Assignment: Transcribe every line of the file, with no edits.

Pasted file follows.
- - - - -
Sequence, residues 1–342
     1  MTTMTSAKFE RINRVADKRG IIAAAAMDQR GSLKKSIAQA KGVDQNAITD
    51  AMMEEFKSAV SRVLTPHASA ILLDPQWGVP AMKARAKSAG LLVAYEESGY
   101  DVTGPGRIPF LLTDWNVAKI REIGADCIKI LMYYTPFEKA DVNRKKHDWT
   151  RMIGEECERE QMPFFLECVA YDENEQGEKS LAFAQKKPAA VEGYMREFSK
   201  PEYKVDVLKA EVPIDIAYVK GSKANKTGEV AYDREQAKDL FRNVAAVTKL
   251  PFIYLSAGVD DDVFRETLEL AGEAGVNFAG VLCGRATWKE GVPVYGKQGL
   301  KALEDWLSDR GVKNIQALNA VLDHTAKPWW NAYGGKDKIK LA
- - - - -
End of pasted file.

Sequence, residues 1–342
     1  MTTMTSAKFE RINRVADKRG IIAAAAMDQR GSLKKSIAQA KGVDQNAITD
    51  AMMEEFKSAV SRVLTPHASA ILLDPQWGVP AMKARAKSAG LLVAYEESGY
   101  DVTGPGRIPF LLTDWNVAKI REIGADCIKI LMYYTPFEKA DVNRKKHDWT
   151  RMIGEECERE QMPFFLECVA YDENEQGEKS LAFAQKKPAA VEGYMREFSK
   201  PEYKVDVLKA EVPIDIAYVK GSKANKTGEV AYDREQAKDL FRNVAAVTKL
   251  PFIYLSAGVD DDVFRETLEL AGEAGVNFAG VLCGRATWKE GVPVYGKQGL
   301  KALEDWLSDR GVKNIQALNA VLDHTAKPWW NAYGGKDKIK LA